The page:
In case you haven’t noticed, missile defense has become mainstream. Israel has deployed the Iron Dome, a nationwide defense against short-range rockets and ballistic missiles. The Iron Dome system proved remarkably effective in last year’s conflict with Hamas. The U.S. is making steady progress on the plan to equip between 80 and 100 cruisers and destroyers with the Aegis Ballistic Missile Defense System (BMDS) and progressively more capable versions of the Standard Missile-3 (SM-3). It is also on track to deploy the first part of the land-based version of the Aegis BMDS, known as Aegis Ashore, in Romania this year with the full system scheduled to reach operational capability by 2018.
Events over the past week confirmed the expanding global role for missile defenses. On June 6, Saudi Arabia used a Patriot missile to shoot down a SCUD missile fired by Houthi insurgents from inside Yemen. The Saudi government has long seen missile defense as an essential part of its defense strategy. Kuwait and Qatar also have acquired their own Patriot missile defense batteries. The United Arab Emirates have gone a step further, purchasing the Theater High Altitude Air Defense System (despite the name this really is a very capable missile defense interceptor). You can bet that the growing Iranian missile threat will result in the Gulf States acquiring even more sophisticated missile defense systems.
On June 8, the U.S. and Japan successfully conducted the first test flight of their jointly developed missile interceptor, the SM-3 Block IIA. The first intercept test is planned for 2016 with the operational missile to be deployed on ships and ashore in 2018. The SM-3 IIA’s larger booster and bigger and more capable kinetic intercept warhead will enable it to engage longer-range missile threats.
Yesterday, Germany demonstrated its commitment to missile defense. In a decision certain to reverberate throughout Europe and across the Atlantic, Berlin chose the Medium Extended Air Defense System (MEADS) for its next generation defense against both air breathing and ballistic missile threats. Developed by a team headed by Lockheed Martin and MBDA, MEADS provides 360-degree coverage, engagement of low-flying cruise missiles and drones and the ability to simultaneously intercept two targets on different attack courses.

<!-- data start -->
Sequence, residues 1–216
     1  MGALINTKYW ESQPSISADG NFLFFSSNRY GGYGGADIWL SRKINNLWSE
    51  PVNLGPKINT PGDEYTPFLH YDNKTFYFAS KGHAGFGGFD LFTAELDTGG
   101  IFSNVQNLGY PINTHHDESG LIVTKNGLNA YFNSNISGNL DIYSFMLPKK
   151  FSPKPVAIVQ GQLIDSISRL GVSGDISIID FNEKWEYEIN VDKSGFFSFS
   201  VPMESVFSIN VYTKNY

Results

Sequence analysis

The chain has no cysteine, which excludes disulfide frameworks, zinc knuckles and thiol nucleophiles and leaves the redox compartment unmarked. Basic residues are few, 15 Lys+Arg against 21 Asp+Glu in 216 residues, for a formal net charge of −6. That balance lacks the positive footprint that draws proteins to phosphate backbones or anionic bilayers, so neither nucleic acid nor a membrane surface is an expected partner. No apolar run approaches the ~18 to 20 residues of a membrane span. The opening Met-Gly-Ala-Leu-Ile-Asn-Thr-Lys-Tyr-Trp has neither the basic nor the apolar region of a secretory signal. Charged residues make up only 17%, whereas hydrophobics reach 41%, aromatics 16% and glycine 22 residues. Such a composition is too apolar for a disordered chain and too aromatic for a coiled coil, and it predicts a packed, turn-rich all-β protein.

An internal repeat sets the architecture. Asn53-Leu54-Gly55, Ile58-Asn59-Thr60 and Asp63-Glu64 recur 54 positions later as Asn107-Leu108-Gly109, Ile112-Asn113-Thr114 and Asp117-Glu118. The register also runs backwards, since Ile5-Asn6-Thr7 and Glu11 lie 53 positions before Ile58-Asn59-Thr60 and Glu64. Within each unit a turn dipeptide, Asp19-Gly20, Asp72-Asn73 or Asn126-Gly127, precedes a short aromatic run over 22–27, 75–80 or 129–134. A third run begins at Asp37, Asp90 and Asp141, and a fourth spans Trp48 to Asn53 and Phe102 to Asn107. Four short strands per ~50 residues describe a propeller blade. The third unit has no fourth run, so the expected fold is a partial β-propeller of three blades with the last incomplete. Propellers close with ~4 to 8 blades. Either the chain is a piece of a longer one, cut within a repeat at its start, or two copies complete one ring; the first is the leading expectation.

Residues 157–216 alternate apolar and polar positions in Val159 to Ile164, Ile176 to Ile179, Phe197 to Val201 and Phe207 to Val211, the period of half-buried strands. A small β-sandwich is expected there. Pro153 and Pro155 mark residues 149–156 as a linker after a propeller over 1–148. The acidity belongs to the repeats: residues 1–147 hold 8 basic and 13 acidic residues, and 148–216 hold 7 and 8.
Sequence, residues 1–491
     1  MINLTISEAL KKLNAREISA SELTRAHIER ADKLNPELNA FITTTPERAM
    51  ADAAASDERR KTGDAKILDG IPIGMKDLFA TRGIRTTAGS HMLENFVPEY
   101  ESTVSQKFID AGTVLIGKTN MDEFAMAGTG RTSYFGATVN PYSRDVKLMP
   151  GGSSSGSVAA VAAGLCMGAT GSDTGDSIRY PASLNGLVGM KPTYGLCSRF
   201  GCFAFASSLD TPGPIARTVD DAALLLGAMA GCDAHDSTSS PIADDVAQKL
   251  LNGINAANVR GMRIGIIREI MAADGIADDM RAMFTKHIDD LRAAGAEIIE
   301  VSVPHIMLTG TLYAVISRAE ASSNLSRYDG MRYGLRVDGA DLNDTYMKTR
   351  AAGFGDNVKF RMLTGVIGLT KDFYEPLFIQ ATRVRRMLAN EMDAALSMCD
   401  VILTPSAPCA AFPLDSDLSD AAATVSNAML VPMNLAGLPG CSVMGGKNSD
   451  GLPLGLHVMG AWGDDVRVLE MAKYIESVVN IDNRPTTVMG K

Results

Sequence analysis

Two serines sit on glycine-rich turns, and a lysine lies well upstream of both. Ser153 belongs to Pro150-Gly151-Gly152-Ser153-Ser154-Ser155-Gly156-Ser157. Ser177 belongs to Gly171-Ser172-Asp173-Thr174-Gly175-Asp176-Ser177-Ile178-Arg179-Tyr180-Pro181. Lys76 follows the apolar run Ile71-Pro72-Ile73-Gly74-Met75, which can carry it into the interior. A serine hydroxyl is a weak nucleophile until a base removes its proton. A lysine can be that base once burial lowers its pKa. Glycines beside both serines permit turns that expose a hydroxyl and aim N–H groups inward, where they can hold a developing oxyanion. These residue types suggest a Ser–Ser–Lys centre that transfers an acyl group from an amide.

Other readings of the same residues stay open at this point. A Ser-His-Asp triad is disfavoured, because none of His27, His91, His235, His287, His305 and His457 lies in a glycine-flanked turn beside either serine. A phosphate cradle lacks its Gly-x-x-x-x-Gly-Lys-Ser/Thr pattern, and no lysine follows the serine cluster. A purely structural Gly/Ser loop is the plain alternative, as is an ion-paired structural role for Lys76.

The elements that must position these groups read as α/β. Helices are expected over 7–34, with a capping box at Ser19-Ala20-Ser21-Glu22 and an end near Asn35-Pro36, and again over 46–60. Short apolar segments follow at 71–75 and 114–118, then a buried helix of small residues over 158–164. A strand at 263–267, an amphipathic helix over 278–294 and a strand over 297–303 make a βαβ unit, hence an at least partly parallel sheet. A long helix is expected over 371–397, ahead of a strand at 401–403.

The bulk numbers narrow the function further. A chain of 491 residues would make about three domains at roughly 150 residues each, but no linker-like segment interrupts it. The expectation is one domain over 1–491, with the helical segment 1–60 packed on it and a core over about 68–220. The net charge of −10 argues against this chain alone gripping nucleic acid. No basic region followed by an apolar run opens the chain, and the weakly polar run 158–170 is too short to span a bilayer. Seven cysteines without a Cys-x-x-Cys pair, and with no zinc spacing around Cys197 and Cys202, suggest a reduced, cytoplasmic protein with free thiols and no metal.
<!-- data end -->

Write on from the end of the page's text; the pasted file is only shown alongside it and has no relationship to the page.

The proliferation of missile and drone threats is likely to stimulate additional investment in air and missile defenses by the U.S. and others. The Obama Administration has warned the Russian government that it could respond to the latter’s blatant violations of the INF Treaty by deploying additional missile defenses to Europe. Another option for the White House is to restart the program it cancelled for the SM-3 Block IIB, a much more capable interceptor that Moscow particularly dislikes. The U.S. Army urgently needs a defense against short-range rockets and ballistic missiles. Buying Iron Dome batteries would be one way of rapidly addressing this operational need. The longer-term solution being pursued by both the Army and Navy is an energy-based system, either a laser or an electro-magnetic rail gun.
The other area that really needs attention is National Missile Defense (NDM), the capability that defends the U.S. homeland. With China and Russia expanding their long-range nuclear arsenals, a nuclear-armed North Korea pressing hard to develop an ICBM and Iran in hot pursuit of a nuclear weapon, the need for a more robust NMD is clear. The current NMD system is limited in terms of sensor capability, intercept geometries and simple numbers. The plan at present is to develop and deploy a more capable ground-based midcourse interceptor and increase the total number of defensive missiles from 30 to 44. In addition, serious consideration needs to be given to expanding the intercept envelope by deploying more interceptors at additional sites, beginning with one in the Eastern United States. There is also the potential for a sea-based option, particularly if the SM-3 IIB program is restarted.
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